After a couple of rounds of rum, the dinner drums herald suppertime and we gradually peel off, couple by couple, to feast by candlelight on coconut lobster wrapped in banana leaves and roasted fillet of beef with honey glazed potatoes. While we devour every last scrap of dessert – an ambrosial pineapple and ginger crumble - a local band strikes up in the bar area and a cluster of guests gather beside them in a circle around a large bowl of murky-looking liquid.  When William informs us the liquid is Cava, I look at him with ill-disguised mistrust – there’s not a bubble in sight and it’s being downed from a half coconut shell rather than sipped from a flute – I’m no fool. But it turns out I am. This is Kava, Fiji’s national drink. Made from the ground roots of the Yaqona plant, we’re told Kava tastes like bitter, peppery, mud and makes your mouth numb. On the plus side, it relaxes you to Hakuna Matata point and makes you sleep like a baby with none of the hangover ill-effects of rum. We’re sold.

A couple of Kavas down, we weave a little tipsily, hand in hand, along the moonlit shore back to our Bure where we’re soothed into a deep slumber by a lullaby of crashing waves and chirruping cicadas.

As promised, the next morning, as the sun peeks over the palm trees, we spring straight out of bed with clear heads ready to take on a morning of diving with reef sharks and an afternoon of swimming under cascading, liquid diamond waterfalls.



The rest of our idyllic stay passes in a languid blur of mornings swimming in the impossibly blue surf in search of the resident Daddy Lionfish and the piano sunken just offshore followed by sun-soaked afternoons lazing on deserted stretches of perfect white sand.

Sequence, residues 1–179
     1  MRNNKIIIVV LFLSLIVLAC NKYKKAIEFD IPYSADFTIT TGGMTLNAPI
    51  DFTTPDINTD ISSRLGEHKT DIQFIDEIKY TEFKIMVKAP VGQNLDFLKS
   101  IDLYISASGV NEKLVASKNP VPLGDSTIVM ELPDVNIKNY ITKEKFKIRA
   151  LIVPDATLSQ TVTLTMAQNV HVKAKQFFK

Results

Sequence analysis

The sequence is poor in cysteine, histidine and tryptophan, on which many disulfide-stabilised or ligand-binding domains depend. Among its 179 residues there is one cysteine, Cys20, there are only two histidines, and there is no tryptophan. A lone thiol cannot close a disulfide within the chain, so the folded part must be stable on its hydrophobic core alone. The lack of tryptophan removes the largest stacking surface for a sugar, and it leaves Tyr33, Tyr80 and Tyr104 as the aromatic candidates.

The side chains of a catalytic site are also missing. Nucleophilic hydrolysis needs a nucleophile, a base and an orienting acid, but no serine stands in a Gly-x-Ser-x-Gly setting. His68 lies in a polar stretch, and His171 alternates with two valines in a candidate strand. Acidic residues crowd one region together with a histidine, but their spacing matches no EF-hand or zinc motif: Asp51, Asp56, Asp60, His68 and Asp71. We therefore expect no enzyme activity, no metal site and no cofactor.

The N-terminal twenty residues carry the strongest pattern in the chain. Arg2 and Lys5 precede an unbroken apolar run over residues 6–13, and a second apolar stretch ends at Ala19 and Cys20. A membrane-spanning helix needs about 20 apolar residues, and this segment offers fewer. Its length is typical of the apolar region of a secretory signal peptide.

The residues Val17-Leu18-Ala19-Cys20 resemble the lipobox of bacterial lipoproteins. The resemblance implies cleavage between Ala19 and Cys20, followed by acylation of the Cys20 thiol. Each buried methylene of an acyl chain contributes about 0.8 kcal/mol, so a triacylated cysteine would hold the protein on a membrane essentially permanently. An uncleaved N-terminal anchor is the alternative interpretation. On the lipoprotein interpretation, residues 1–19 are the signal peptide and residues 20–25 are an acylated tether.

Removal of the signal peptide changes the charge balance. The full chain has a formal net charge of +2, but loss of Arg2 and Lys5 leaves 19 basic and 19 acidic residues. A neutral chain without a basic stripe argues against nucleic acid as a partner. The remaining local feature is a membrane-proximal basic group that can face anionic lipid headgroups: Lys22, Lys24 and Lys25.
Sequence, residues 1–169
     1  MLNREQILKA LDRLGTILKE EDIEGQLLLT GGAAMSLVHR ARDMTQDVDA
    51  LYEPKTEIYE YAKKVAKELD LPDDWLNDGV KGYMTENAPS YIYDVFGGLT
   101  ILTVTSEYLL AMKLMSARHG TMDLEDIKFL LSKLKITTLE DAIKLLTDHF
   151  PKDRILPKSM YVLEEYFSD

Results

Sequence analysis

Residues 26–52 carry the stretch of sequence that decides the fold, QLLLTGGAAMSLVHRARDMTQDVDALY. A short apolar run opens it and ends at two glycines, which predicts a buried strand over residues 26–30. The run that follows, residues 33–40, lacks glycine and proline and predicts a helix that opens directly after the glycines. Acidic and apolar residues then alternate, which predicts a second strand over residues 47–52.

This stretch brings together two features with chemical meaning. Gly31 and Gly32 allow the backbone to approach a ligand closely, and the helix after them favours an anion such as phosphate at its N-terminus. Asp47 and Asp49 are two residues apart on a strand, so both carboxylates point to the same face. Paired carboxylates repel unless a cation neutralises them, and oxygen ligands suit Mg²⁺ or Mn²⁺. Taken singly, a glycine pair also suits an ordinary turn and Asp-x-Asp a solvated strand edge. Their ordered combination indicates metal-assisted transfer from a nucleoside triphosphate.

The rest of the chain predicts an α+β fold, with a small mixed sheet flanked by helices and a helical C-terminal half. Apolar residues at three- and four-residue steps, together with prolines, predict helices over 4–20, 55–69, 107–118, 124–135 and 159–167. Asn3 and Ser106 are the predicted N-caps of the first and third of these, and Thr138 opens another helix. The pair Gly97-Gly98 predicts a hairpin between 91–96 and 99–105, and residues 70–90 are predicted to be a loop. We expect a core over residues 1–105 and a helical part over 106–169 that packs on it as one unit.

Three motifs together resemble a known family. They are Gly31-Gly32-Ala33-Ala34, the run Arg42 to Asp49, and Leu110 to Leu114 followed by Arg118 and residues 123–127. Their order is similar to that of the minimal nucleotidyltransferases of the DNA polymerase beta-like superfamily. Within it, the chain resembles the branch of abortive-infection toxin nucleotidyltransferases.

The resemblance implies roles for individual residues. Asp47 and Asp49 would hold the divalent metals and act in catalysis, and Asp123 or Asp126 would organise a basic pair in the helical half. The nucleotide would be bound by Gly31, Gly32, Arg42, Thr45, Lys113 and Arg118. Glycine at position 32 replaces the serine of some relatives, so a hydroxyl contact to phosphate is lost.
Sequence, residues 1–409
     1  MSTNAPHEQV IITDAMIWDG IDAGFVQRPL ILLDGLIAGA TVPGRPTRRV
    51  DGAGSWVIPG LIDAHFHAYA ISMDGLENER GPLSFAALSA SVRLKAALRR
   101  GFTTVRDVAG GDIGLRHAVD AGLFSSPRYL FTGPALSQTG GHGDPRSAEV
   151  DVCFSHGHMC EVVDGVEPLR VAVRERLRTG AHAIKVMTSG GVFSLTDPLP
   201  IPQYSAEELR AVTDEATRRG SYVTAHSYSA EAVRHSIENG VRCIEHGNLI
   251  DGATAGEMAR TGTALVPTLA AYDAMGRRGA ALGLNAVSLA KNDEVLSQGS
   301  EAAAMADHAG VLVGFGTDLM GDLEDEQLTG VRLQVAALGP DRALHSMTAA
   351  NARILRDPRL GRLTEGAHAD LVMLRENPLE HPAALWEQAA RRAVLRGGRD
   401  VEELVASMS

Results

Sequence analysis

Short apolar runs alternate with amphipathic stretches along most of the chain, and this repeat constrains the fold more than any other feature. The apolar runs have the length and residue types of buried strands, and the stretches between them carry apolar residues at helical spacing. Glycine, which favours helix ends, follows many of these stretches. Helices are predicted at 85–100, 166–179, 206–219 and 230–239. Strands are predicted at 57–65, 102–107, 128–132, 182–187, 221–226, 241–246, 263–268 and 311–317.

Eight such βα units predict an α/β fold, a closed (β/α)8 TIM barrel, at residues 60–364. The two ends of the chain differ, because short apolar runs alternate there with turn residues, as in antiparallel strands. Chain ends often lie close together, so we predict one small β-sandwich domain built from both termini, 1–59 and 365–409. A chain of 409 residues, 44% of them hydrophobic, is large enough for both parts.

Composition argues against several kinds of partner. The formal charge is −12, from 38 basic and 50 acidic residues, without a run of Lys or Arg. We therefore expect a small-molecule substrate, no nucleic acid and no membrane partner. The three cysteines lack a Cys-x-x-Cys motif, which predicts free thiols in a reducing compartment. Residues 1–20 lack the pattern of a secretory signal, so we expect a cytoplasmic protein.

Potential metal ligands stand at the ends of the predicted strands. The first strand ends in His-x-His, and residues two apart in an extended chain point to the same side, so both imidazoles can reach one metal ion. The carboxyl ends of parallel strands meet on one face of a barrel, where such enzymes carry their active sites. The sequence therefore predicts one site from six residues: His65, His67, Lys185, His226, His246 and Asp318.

When the time comes to sorrowfully pack our cases and head back on the speedboat, we’re garlanded with leis and waved off by the entire staff who stand singing on the beach until they’re nothing more than tiny dots. Just as Mr Smith insists that his eyes are watering because of the ocean breeze, a giant sea turtle lazily pops his head up right next to the boat. Looking a few Kavas worse for wear, he gives us a sanguine look before disappearing back to the indigo depths below.

The perfect farewell to our trip of trips - a patchwork of jewel-toned tropical adventures stitched together with snoozes.

Rooms at Qamea Resort & Spa start at US$550 per night.
We flew direct from Hong Kong to Fiji's capital, Nadi with Fiji Airways and from Nandi to Viti Levu with Pacific Air.